Seeking the “power” of influence?
January 2013, Italy
What is power – and why do so many want it? Power as such doesn’t exist, except as electricity; in socio-political contexts, it only exists as a relationship, where one of the parties involved is in a stronger position and can rule over the other(s). So the phrase “power of influence” is in fact a tautology. Seeking to gain “power of influence” actually means seeking influence over others, which amounts to being able to dominate, either directly or through others who can.
The recent “buddying” scheme between multinational corporations and ministerial departments is a good example for the concept above. Since July 2011, when the scheme was introduced, fifty large firms (including oil, telecoms and pharmaceutical companies) have been granted privileged access to three departments – Business, Innovation and Skills; Energy and Climate Change; and Culture, Media and Sport. According to The Guardian (“More multinationals to get access to ministers”, 19 January 2013), the first 38 multinationals have so far had nearly 700 meetings with ministers between them. And the government is considering adding another thirty companies to this selected club list during 2013.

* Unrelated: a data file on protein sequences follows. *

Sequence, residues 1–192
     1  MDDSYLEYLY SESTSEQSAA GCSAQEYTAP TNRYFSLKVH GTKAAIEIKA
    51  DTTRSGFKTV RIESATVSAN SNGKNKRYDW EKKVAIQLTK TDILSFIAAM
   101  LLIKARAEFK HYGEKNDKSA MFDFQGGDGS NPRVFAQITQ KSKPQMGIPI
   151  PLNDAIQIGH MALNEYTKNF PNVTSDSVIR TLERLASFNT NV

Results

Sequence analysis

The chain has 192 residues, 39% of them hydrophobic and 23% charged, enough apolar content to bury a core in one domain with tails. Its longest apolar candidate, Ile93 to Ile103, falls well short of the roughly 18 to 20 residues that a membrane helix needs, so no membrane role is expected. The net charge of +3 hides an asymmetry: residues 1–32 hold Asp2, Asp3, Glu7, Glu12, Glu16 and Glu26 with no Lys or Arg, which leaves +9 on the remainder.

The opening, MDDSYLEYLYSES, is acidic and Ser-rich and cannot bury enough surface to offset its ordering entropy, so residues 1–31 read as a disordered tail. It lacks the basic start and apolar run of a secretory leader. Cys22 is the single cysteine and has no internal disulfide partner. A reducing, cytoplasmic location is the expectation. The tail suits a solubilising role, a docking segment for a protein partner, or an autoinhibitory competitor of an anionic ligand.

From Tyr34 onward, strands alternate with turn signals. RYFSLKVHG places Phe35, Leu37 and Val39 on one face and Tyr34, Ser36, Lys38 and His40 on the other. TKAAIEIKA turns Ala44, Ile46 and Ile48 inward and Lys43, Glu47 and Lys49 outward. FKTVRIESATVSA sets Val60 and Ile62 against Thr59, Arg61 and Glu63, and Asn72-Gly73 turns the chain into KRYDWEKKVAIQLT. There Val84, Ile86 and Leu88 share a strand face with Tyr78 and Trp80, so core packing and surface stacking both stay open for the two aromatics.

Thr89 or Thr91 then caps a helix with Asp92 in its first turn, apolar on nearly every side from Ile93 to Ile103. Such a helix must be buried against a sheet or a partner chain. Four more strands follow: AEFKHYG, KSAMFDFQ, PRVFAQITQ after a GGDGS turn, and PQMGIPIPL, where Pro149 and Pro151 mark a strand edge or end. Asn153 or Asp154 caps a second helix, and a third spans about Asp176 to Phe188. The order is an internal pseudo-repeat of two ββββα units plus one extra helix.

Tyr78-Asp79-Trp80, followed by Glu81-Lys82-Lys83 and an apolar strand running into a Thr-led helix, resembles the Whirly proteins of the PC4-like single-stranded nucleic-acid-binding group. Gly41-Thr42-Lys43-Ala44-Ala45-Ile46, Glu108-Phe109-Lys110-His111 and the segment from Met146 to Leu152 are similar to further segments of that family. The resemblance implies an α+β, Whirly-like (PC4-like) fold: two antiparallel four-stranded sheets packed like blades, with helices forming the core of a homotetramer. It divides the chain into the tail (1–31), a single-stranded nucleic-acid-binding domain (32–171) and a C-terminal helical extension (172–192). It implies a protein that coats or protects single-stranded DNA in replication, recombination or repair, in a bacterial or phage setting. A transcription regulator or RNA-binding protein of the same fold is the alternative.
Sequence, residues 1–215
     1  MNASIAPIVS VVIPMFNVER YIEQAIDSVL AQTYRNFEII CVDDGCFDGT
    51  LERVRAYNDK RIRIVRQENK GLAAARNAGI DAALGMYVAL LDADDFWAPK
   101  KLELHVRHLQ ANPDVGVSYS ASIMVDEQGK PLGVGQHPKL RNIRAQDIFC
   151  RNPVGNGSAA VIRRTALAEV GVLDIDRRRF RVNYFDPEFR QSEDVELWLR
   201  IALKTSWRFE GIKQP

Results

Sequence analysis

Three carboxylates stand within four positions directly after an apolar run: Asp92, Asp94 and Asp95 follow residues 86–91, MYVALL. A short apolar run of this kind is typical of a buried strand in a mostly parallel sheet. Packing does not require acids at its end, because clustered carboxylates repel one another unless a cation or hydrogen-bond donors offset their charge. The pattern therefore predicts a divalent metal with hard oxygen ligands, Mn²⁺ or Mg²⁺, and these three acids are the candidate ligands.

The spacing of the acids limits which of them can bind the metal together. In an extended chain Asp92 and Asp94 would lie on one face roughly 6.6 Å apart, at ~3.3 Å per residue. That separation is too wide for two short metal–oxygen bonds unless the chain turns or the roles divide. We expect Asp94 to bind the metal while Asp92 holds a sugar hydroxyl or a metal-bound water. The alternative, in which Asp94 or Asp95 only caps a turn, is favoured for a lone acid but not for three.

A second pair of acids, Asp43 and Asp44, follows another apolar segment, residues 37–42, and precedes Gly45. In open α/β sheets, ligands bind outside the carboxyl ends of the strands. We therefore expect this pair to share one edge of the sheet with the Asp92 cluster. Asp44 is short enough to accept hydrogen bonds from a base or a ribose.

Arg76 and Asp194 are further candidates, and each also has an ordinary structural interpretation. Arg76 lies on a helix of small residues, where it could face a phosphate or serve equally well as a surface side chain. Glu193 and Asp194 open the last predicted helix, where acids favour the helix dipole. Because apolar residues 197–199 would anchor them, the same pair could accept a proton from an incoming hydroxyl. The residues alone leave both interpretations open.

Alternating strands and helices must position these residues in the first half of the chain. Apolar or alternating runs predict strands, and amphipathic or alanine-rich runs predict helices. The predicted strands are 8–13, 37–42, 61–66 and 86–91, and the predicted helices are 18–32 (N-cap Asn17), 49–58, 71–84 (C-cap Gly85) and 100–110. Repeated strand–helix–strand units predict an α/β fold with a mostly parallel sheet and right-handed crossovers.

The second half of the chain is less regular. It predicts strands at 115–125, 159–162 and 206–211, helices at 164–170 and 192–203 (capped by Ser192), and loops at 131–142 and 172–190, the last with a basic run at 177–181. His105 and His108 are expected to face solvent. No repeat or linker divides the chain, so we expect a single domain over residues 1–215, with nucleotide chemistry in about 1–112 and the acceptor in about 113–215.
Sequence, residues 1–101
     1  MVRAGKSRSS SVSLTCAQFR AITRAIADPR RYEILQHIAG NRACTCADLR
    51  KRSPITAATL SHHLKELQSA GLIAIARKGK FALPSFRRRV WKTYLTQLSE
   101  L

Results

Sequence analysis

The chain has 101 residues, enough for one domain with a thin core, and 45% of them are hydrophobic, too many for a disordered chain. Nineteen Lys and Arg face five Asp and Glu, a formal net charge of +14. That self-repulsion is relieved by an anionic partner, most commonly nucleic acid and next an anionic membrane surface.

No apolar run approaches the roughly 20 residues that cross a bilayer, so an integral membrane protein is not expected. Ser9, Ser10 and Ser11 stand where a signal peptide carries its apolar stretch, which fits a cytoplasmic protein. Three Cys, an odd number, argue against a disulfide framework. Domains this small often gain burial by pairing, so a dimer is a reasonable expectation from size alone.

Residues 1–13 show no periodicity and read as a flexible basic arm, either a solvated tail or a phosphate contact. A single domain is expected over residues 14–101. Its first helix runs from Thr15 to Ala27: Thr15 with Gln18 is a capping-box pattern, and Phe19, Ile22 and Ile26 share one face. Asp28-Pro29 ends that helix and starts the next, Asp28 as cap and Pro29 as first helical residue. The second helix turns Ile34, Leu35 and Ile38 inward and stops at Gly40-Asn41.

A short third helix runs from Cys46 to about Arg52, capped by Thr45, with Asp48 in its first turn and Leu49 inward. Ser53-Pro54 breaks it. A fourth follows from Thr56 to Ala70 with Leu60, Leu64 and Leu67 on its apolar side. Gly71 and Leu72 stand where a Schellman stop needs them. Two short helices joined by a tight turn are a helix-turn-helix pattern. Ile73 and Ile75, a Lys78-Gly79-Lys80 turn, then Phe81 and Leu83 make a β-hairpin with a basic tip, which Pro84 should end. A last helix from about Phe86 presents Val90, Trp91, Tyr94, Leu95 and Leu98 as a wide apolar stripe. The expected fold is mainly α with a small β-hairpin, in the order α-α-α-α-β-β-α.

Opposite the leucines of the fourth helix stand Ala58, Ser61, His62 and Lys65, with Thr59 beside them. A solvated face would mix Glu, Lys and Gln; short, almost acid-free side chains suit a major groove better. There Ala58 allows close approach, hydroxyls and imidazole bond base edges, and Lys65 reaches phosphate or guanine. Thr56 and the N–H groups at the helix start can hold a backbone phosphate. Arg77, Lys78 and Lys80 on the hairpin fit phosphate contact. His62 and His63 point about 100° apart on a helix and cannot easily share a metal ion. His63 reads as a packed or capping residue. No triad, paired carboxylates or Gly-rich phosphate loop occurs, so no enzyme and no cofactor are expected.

What might this many meetings do for, or add to, a relationship? Some might say – friendship, or very strong partnership; others – closeness, or cosiness; government calls it “buddying”. But whatever the name, the end result is the same – influence. And I wonder, how can such closeness between two dominant players (big business and political decision-makers) be good for all the others? How can society ever become a level-playing field, with such buddying schemes in place? What can we expect the two ‘buddies’ to do to the little men, except dominate them?
On the Institute for Human Rights and Business’ list of top ten priority issues for 2013, the call for greater transparency in lobbying by business is number eight. I wonder if this should be moved further up that list (which is available here).